The Road Ahead : August September 2007
FEATURES 6 AUG/SEP 07 Used not confused Buying second-hand can still be safe. Best picks Volkswagen Golf/Bora (99-04) Toyota Corolla (98-01) Holden TS Astra (98-05) Honda Accord (91-93) Mercedes-Benz C Class (95-00) Peugeot 405 (89-97) Subaru Liber ty (89-93) Toyota Cressida (89-93) Subaru Forester (97-02) Worst picks Mitsubishi Cordia (83-87) Ford Falcon (82-88) Mitsubishi Star wagon/L300 (83-86 and 87-93) Toyota Tarago (83-89) Toyota Hiace/Liteace (82-86, 87-89 and 90-95) STORY CHRIS BISHOP Car buyers can now compare the safety of hundreds of second-hand cars following the release of protection ratings based on real-world crashes. The 2007 Used Car Safety Ratings (UCSR) update, compiled by the Monash University Accident Research Centre (MUARC) and backed by RACQ, has crashwor thiness ratings for 279 models built from 1986 to 2005. It reveals significant differences in safety within and between classes, with vehicle mass and age major contributors. Researchers studied more than 2.8 million crashes in Australia and New Zealand from 1987 onwards to determine the protection levels of models for drivers (crashwor thiness) and other road users (aggressivity). Of 279 cars, just 35 vehicles attained the top ranking, while the lowest rating for driver protection was given to 48. All up, 86 rated better than average for crashwor thiness. UCSR reveals size does matter in crashes, with the best per forming vehicles generally the heavier ones. None of the smallest cars in the light categor y ranked above average and nearly two-thirds gained the lowest ranking possible. However, the heaviest vehicles were most likely to harm other road users in a crash. The aggressivity of large 4WDs was significantly worse than average, while light cars rated much better than normal on the same measure. Researchers were able to rank 240 vehicles for aggressivity based on mass, body stiffness and bonnet/bumper height. The average aggressivity recorded for large 4WDs was about 60 percent worse than large cars, even though average crashwor thiness was about 15 percent better. Age plays a telling role, with most of the worst per formed vehicles built before 1990. Later models are usually stronger, offer extra safety features and boast more padded interiors. Generally, advances in design can be tracked by improvements in crashwor thiness ratings across generations of popular cars like Volkswagen Golf, Ford Falcon and Holden Commodore. Late model European mid-sized vehicles fared well in the ratings, suggesting those impor ts offer safer designs and added safety features. RACQ technical ser vices manager Steve Spalding said used car buyers should heed the results of the study and buy accordingly. "For their own safety, used car buyers should aim for the best ranking car they can af ford," Mr Spalding said. "For example, you are 26 times more likely to be killed or seriously injured in the worst vehicle, than the best vehicle. "We'd recommend buyers seek a vehicle which scores better than average on both crashwor thiness and aggressivity (as seen below). "Poorly per forming cars should be avoided at all costs, as they provide little safety to anyone. "We'd also caution people about racing out to buy the largest vehicle they can due to problems with aggressivity. There are good and bad per formers in most classes, the exception being light cars, which are at a disadvantage due to their small size." For more information on used car safety ratings, contact RACQ's Technical Advisor y Ser vice on 3666 9148 or 1800 623 456 (countr y callers).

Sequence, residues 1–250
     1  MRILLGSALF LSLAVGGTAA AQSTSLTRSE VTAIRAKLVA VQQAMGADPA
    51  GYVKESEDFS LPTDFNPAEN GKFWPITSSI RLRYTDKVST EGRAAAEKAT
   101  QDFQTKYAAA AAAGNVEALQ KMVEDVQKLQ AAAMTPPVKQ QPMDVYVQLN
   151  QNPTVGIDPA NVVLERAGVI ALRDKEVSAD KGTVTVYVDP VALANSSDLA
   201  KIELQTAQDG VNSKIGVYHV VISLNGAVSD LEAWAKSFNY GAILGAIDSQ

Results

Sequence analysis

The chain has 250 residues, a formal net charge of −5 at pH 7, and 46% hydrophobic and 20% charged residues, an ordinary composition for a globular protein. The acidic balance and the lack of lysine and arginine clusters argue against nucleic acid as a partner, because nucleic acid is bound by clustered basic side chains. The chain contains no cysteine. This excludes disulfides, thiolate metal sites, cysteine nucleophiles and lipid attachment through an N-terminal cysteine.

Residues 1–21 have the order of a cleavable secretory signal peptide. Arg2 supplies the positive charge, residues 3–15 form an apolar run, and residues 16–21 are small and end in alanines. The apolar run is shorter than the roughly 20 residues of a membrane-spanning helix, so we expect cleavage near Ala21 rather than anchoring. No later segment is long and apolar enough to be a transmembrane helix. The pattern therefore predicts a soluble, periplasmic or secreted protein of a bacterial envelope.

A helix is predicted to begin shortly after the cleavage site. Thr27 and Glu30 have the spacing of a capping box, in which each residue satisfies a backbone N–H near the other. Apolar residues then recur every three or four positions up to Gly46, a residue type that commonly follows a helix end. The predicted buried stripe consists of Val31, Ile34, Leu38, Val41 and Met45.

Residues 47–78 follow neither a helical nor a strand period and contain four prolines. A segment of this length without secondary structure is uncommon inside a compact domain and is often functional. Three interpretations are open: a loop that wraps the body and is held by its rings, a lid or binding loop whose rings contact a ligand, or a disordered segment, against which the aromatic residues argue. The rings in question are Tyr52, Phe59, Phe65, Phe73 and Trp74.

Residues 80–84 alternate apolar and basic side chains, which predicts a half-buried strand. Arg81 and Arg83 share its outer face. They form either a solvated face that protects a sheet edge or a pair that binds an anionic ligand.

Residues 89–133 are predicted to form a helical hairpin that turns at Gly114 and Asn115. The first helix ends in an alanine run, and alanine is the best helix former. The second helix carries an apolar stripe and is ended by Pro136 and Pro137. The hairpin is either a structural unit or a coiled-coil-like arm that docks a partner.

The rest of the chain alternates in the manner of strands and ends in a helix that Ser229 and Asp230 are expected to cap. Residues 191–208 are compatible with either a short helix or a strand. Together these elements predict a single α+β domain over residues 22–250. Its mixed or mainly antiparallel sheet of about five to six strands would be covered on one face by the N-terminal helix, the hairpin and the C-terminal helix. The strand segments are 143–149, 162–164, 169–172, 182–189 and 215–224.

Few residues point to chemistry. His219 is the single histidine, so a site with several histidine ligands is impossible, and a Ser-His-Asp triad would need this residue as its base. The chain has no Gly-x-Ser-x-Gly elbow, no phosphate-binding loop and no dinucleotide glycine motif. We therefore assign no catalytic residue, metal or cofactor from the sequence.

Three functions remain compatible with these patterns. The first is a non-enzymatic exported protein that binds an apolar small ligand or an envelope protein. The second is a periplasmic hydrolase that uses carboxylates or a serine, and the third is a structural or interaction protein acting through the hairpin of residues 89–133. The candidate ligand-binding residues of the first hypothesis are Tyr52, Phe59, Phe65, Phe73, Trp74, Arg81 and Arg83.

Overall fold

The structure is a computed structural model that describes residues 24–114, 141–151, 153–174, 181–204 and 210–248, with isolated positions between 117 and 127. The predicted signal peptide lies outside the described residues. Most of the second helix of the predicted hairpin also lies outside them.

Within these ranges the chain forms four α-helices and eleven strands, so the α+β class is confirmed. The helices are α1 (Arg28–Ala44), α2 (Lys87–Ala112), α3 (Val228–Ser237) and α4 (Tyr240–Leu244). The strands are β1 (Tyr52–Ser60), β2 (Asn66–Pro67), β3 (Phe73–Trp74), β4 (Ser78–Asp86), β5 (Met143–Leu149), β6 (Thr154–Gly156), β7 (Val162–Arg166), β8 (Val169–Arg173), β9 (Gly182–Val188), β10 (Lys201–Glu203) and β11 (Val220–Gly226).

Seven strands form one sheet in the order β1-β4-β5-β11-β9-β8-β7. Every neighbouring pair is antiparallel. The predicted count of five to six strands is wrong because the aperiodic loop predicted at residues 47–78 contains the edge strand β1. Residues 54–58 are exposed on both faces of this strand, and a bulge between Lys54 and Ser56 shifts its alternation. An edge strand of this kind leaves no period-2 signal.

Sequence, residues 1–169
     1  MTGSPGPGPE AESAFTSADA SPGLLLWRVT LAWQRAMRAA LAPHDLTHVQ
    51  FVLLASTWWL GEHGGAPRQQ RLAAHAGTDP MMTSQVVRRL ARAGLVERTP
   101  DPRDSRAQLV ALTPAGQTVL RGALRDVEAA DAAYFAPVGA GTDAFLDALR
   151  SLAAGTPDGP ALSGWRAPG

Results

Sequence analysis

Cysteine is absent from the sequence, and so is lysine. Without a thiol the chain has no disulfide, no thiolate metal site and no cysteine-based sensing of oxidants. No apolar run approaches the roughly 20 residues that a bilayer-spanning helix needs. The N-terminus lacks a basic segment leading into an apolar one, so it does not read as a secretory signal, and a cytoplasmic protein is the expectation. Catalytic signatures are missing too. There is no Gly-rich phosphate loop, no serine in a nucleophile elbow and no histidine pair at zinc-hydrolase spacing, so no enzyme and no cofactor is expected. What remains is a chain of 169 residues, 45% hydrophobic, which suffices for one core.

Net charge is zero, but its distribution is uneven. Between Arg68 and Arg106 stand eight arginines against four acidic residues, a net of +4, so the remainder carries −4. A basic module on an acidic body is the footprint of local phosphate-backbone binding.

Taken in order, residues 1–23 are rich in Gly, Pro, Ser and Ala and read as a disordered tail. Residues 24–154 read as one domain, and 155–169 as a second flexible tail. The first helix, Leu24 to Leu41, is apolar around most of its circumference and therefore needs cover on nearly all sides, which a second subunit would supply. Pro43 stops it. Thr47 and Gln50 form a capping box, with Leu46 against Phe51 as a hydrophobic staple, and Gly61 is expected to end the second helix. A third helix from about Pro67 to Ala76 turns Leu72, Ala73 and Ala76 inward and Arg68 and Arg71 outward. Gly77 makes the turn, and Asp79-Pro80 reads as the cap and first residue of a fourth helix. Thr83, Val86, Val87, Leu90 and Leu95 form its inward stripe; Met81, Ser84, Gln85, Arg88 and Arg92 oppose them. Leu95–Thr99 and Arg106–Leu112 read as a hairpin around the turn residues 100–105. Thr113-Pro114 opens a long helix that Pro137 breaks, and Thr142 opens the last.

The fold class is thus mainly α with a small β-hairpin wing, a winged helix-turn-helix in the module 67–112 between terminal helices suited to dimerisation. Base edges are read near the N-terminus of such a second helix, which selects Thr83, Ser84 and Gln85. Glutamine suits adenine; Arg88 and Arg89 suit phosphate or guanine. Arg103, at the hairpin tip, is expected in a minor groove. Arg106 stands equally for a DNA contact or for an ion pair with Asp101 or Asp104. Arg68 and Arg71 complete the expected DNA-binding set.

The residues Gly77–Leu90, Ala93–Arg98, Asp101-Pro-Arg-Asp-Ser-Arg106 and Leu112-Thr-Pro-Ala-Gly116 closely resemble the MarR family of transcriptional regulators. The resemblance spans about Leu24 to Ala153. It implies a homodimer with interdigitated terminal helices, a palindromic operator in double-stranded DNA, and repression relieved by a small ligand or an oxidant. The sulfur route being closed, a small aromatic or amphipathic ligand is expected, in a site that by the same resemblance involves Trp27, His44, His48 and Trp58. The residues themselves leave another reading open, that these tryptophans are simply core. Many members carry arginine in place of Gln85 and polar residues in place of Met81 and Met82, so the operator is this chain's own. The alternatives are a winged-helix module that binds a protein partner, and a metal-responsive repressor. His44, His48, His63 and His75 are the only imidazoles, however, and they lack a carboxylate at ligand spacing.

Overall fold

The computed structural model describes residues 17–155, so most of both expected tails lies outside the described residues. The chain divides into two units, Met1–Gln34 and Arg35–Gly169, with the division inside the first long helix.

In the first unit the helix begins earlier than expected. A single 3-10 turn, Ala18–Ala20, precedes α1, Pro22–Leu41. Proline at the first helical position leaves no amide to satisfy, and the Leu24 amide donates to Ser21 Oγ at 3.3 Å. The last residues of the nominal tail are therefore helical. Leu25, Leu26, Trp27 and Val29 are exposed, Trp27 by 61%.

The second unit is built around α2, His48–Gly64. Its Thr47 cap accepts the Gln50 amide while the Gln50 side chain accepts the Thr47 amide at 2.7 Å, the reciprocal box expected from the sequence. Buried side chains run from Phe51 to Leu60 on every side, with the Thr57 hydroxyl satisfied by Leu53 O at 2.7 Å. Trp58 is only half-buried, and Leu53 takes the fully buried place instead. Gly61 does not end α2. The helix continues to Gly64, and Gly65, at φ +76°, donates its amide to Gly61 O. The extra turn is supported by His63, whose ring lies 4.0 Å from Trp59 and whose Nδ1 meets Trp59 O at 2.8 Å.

June July 2007
October November 2007